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    Brain Cancer Health Center

    News and Features Related to Brain Cancer

    1. Kennedy's Options for Treating Brain Cancer

      June 3, 2008 (Chicago) -- After Sen. Edward Kennedy recuperates from surgery for brain cancer at Duke University Medical Center he will begin targeted radiation and chemotherapy. Kennedy, 76, has a type of brain tumor called a malignant glioma. The standard treatment for glioblastoma, the most commo

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    2. Sen. Ted Kennedy Out of Brain Surgery

      June 2, 2008 -- Sen. Edward Kennedy's brain surgery, done this morning at Duke University Medical Center in Durham, N.C. to treat Kennedy's brain cancer, was "successful," Kennedy's doctor says. Here is the statement from Duke neurosurgeon Allan Friedman, MD: "I am pleased to report that Senator Ken

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    3. The Faces of Brain Cancer

      When doctors announced that Sen. Edward Kennedy had a kind of brain cancer called malignant glioma, many people hearing the news had probably never heard of the cancer. For some, however, the diagnosis was painfully familiar. WebMD talked to three survivors of brain cancer similar to that affecting

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    4. Sen. Ted Kennedy Leaves Hospital

      May 21, 2008 -- Sen. Edward Kennedy, diagnosed yesterday with brain cancer, headed to his Cape Cod, Mass., home today after being discharged from Massachusetts General Hospital. "Senator Kennedy has recovered remarkably quickly from his Monday procedure" and was therefore released a day ahead of sch

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    5. Sen. Ted Kennedy Has Brain Cancer

      May 20, 2008 -- Sen. Edward M. Kennedy, 76, has been diagnosed with a malignant glioma, a type of brain cancer. A glioma is a brain tumor that begins in glial cells, which are cells that surround and support nerve cells. Kennedy remains at Massachusetts General Hospital, where he has been since he s

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    6. Drug Temodar Ups Brain Cancer Survival

      Oct. 30, 2007 (Los Angeles) -- People with a type of brain cancer that was invariably fatal only five years ago now have a shot at living three, four, or even five years after diagnosis, European researchers report. In a new study, four times as many people with a brain cancer called glioblastoma mu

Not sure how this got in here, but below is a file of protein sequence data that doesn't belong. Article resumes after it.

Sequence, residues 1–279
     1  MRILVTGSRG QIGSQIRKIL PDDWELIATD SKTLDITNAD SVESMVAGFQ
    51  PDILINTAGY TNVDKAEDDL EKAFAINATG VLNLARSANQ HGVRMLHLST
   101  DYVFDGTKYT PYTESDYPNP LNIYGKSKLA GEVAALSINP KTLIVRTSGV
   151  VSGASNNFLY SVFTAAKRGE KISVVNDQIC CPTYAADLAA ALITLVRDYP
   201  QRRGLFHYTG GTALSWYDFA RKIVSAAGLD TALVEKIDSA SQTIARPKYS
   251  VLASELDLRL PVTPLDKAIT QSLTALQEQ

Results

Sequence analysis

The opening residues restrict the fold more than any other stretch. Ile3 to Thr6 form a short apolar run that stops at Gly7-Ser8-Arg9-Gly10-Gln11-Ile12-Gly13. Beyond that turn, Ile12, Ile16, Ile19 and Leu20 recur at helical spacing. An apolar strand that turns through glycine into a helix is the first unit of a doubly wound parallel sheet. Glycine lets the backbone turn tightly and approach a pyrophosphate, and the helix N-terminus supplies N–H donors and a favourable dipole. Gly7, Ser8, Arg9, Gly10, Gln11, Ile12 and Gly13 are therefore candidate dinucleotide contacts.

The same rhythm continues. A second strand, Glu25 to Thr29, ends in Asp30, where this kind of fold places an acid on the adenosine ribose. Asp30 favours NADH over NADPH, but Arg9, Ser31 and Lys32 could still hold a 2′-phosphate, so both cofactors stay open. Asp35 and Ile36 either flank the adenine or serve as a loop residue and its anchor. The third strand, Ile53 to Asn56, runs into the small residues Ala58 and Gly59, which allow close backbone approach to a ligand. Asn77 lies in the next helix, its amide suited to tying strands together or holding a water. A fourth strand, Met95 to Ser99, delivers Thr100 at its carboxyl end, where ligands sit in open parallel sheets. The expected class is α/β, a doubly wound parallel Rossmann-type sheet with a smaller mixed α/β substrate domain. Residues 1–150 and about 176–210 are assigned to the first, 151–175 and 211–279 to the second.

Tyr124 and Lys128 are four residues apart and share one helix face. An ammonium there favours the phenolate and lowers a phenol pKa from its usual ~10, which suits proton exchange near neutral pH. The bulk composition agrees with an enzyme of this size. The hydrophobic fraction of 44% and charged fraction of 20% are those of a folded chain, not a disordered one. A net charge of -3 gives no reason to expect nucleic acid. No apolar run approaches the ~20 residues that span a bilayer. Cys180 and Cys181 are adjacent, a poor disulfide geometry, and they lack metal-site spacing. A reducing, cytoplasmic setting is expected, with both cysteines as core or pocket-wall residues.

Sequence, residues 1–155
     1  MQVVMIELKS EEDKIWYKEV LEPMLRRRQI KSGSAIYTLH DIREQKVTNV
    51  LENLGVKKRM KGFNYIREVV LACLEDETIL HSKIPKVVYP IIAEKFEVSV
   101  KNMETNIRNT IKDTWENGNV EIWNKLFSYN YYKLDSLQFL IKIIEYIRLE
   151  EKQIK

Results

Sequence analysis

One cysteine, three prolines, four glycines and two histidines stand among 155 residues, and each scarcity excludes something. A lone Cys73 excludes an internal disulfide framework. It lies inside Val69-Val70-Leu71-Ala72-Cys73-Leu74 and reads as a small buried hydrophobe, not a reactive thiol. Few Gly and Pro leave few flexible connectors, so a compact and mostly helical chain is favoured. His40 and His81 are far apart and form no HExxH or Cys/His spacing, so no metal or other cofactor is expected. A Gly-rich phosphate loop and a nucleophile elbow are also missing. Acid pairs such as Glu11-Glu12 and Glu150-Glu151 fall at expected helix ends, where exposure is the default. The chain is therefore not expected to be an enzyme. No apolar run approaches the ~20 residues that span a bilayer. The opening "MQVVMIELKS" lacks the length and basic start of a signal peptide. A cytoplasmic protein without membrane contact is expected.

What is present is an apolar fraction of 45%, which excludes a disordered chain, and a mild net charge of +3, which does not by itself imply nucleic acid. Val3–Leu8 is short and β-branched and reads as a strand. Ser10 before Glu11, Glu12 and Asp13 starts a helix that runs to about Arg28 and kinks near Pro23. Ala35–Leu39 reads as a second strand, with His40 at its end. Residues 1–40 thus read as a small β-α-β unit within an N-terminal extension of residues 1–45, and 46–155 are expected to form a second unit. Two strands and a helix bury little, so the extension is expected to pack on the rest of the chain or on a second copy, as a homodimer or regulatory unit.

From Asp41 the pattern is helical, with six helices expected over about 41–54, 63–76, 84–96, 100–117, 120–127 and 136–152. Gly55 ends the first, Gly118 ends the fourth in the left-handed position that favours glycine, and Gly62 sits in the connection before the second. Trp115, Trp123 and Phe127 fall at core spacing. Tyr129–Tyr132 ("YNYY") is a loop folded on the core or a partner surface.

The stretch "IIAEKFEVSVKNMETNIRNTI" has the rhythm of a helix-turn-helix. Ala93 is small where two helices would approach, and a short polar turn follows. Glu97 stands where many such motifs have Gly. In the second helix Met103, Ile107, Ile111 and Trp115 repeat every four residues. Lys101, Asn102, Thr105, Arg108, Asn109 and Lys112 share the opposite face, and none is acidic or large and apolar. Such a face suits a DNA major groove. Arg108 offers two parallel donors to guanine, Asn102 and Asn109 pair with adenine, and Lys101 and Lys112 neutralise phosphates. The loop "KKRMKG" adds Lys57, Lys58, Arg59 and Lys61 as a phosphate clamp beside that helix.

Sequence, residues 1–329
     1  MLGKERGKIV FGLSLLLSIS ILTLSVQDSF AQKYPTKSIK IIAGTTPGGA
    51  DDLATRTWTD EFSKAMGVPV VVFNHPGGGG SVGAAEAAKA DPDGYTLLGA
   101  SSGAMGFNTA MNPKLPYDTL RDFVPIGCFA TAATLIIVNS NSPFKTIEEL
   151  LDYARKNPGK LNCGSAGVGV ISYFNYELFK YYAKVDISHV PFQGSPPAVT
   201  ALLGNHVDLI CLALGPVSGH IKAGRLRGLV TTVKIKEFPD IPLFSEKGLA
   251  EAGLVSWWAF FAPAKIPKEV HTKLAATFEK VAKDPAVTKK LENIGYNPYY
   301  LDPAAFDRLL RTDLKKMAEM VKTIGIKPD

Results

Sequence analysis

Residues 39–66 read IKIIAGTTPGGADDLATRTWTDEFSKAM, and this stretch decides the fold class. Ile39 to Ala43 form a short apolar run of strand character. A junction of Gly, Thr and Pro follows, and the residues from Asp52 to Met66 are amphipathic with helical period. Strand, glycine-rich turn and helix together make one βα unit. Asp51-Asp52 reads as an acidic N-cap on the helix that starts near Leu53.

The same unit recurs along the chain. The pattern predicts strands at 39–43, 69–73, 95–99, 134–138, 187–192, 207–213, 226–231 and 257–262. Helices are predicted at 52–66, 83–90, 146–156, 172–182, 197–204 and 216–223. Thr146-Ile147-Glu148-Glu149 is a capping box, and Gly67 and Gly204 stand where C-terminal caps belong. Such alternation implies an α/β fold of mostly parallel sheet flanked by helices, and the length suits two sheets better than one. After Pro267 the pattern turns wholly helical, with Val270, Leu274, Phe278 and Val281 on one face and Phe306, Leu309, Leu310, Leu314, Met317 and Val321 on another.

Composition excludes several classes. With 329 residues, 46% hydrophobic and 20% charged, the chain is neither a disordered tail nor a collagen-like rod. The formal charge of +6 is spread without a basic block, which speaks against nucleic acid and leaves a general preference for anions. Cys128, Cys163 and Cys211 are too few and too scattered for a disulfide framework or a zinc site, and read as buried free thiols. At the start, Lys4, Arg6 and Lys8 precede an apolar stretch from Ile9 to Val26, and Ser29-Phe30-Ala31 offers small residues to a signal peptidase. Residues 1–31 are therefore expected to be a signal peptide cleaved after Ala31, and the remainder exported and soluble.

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    7. Life After a Brain Tumor: One Man's Story

      During the fall of 1995, I had just turned 40 and was at the top of my legal profession. But I suddenly found myself getting totally exhausted each weekend. I was of no use to my wife, Ellie, or my kids. One morning while using the treadmill, I saw stars. I drove myself to the emergency room; the do

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    8. Breast Density, Cancer Link?

      Jan. 17, 2007 -- Among women 40 and older, denser breasts may mean greater breast cancer , according to a new report. In a review of studies looking at more than 2,200 Canadian women, those with denser breasts were three to five times more likely to be diagnosed with breast cancer during the study p

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    9. Test Predicts Breast Cancer Recurrence

      Dec. 19, 2006 (San Antonio) -- A test that characterizes each breast tumor by its unique genetic fingerprint may soon allow doctors to identify those women whose cancer is most likely to recur despite tamoxifen therapy, Dutch researchers report. The powerful genetic tool can help spare many women fr

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    10. Antihistamine Use Tied to Brain Tumors

      April 4, 2006 (Washington) -- Taking antihistamines may raise the risk of developing certain types of brain cancer, a new study shows. "We want to stress that this is preliminary data and that antihistamines do not cause brain cancer," says researcher Michael Scheurer, PhD, of the University of Texa

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